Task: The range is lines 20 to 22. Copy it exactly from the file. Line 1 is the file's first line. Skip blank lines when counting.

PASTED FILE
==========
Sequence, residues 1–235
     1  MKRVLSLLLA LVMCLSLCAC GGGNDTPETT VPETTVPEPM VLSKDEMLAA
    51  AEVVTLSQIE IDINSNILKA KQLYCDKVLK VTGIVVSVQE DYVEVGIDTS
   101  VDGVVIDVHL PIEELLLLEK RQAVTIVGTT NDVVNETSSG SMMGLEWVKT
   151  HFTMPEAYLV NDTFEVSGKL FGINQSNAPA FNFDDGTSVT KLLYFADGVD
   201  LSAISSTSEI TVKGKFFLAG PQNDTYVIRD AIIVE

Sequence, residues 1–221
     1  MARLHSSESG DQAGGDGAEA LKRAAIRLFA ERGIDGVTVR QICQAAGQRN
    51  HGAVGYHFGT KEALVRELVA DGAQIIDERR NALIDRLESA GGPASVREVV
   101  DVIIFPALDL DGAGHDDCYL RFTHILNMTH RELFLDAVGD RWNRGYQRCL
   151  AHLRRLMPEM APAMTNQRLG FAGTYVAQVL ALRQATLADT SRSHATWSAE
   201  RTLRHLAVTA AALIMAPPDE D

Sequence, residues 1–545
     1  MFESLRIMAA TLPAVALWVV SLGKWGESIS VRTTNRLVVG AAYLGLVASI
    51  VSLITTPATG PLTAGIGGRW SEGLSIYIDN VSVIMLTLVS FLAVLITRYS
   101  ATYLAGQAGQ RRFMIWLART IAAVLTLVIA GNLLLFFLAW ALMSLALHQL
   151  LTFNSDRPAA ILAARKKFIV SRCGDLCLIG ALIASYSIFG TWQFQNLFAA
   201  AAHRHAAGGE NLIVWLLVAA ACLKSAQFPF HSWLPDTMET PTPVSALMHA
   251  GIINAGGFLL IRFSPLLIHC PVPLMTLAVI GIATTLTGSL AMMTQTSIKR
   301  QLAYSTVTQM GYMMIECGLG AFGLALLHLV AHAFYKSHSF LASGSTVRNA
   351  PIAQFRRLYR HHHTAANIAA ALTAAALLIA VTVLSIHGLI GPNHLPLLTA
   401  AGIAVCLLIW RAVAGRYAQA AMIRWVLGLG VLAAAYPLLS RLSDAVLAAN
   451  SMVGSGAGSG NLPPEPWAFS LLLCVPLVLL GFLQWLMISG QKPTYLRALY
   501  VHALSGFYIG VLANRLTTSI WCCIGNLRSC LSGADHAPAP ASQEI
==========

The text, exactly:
   301  QLAYSTVTQM GYMMIECGLG AFGLALLHLV AHAFYKSHSF LASGSTVRNA
   351  PIAQFRRLYR HHHTAANIAA ALTAAALLIA VTVLSIHGLI GPNHLPLLTA
   401  AGIAVCLLIW RAVAGRYAQA AMIRWVLGLG VLAAAYPLLS RLSDAVLAAN